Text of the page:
Some people say that 3 books are enough in a series and others claim that there are no limits on how many books an author can pen in that type of medium. That the story only ends when the author dies. Like the alphabet ending at Y when Sue Grafton passed. But I have to admit that I had doubts while writing A Tangled Web, Book 6 in the series. Midway through I stopped, and I almost didn’t finish. But then another wave of something, I like to think of it as inspiration, came along and carried me over the finish line.

But when is the right time to let go? And is it just my decision to make? Once I create a character and a story line and put it out into the world, I think I have more obligations that my ‘egocentric little scribbler’s heart’. Maybe I owe something to readers who have committed to the series, and even to the characters themselves, as crazy as that sounds.

Loyal readers of a series are more than passionate bystanders. They are part of the process. Without them, the words on paper would have no life, no echo. Being a writer is like yelling down into the canyon. Without readers we are talking to ourselves about imaginary lives. They give our voices resonance and make the stories real. Because they are to them. So, however I decide to stop writing this series, at Book 7 or 11, I have to think about them.



And the characters. Our precious darlings. I know that some writers, famous and infamous, have just dropped them because they were bored or tired or wanted to do something more exciting. Maybe I’m old-fashioned but that sounds to me like giving up your long-term spouse for something younger, flashier. It doesn’t feel right. I have no idea how to consult my characters about leaving them behind, but I’m prepared to at least listen and let my conscience guide me.
 
Finally, I believe that if I am too old, or too tired, or if my writing dulls, I hope that my beta readers will tell me that I have reached the end of this series. If I return to the same crime or the same set-up, motive or start to mirror past stories, I think they will tell me. I also think I’ll know myself. We all want to write forever. That is what we do. But maybe it will be time to do something else, to test the boundaries of the written page. To find new adventures. Or just quietly let the characters and the series fade to black.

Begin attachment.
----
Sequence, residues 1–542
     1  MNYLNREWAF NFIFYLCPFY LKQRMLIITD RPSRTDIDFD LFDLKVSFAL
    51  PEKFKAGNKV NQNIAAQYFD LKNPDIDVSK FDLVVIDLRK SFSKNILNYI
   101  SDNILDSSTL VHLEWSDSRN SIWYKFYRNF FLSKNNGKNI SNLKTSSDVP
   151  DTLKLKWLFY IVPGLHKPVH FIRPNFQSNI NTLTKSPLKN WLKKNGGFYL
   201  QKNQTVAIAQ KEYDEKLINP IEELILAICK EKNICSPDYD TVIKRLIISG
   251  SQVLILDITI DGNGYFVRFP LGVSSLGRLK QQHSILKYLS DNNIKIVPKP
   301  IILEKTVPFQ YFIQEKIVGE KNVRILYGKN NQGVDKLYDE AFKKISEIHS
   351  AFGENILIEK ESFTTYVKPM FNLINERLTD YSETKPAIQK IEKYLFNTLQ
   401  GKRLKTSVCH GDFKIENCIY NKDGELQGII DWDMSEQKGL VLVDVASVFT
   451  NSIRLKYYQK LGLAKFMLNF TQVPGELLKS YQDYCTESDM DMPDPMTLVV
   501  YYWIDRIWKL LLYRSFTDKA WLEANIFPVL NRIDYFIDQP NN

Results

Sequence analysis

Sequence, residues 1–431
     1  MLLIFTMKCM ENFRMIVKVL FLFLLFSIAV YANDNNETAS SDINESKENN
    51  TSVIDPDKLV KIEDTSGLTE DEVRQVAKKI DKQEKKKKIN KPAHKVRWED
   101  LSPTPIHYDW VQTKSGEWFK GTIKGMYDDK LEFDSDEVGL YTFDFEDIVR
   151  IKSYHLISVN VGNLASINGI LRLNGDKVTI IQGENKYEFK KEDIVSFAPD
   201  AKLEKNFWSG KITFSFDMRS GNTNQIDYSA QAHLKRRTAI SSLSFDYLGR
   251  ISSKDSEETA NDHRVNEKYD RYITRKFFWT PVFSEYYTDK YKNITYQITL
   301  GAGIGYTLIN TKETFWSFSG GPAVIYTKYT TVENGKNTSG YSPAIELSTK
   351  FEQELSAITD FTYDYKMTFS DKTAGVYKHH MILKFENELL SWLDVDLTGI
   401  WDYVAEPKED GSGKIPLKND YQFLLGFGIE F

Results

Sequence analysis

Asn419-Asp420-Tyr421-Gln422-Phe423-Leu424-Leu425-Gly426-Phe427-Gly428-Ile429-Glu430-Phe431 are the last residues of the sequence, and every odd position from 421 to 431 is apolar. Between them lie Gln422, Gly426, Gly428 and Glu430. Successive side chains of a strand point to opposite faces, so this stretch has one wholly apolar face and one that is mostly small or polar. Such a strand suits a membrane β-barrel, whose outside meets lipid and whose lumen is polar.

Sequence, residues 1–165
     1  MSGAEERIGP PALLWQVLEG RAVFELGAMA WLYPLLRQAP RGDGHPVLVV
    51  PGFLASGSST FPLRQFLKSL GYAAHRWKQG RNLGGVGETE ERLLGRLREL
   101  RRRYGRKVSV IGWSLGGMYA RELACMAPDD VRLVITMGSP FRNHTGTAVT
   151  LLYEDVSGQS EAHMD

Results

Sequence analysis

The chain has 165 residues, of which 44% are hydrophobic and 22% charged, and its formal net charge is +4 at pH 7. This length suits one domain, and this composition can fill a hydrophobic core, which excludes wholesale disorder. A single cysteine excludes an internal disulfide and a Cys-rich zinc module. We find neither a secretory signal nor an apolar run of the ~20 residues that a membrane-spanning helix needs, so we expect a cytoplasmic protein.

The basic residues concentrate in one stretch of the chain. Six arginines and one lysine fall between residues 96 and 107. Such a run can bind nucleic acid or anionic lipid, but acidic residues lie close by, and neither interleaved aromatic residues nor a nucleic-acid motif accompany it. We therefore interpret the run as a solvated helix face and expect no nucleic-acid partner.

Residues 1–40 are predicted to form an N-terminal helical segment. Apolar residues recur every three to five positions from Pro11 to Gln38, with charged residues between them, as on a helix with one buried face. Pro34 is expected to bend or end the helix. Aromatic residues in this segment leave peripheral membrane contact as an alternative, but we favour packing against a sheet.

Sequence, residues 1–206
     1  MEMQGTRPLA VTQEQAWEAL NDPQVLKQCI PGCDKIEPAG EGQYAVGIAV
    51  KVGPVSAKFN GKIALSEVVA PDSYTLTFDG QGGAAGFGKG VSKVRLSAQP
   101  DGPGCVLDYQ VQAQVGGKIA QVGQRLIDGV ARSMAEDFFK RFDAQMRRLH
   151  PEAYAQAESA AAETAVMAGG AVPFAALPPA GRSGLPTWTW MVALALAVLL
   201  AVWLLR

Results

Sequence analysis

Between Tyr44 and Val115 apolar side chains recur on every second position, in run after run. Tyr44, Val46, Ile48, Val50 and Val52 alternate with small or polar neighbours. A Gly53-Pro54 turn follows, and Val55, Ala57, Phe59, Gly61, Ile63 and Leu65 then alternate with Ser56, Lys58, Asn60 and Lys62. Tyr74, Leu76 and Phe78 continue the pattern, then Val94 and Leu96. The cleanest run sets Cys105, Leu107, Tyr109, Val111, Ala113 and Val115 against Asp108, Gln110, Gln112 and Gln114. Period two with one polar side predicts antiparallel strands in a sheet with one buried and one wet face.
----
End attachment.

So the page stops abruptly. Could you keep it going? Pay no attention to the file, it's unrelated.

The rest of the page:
There is ‘a tide in the affairs of men’, as Sgt. Windflower might quote the Bard. But so too is there a tide in the life of a series. Knowing when to sail or to stay in port may be our greatest challenge. As you might have guessed, I have many more questions than answers. What do you think? When is the right time to suspend or even cease a series? 
 
To learn more, check out Mike's website at sgtwindflowermysteries.com.

Friday, February 09, 2018

What I Learned About My First Book

I'm about to complete a tedious project. I thought it would take a few days. With interruptions to do other necessary tasks, it has taken two months. But what I've learned has been both eye-opening and rewarding.

I mentioned at the end of last year that a new publisher was about to re-issue my Lizzie Stuart series in both e-books and print. I was really excited when I saw the new cover and then the first book in the series, Death's Favorite Child, was available on Amazon.  And then we hit a glitch. I looked at the excerpt on Amazon and discovered typos that had occurred in the process. I contacted my new publisher. He asked me to send him the list of typos so that he could contact the company that had handled the conversion process. When he saw how many errors were in the excerpt, he decided the book needed to be redone.

Good news, the publisher really cared about the quality of what we were offering readers. I offered to proofread. That was when the publisher explained that the process worked best if we could use a Word manuscript. Even better news when I found the original manuscript -- and even though the book had been done in Word circa 2000, I was able to upgrade.

Minor bad news when I discovered that the upgrade had converted all the opening quotation marks to "A" and that apostrophes had also changed to another symbol. The apostrophes could be fixed with a change and replace. The quotation marks had to be done by hand. Still not a problem.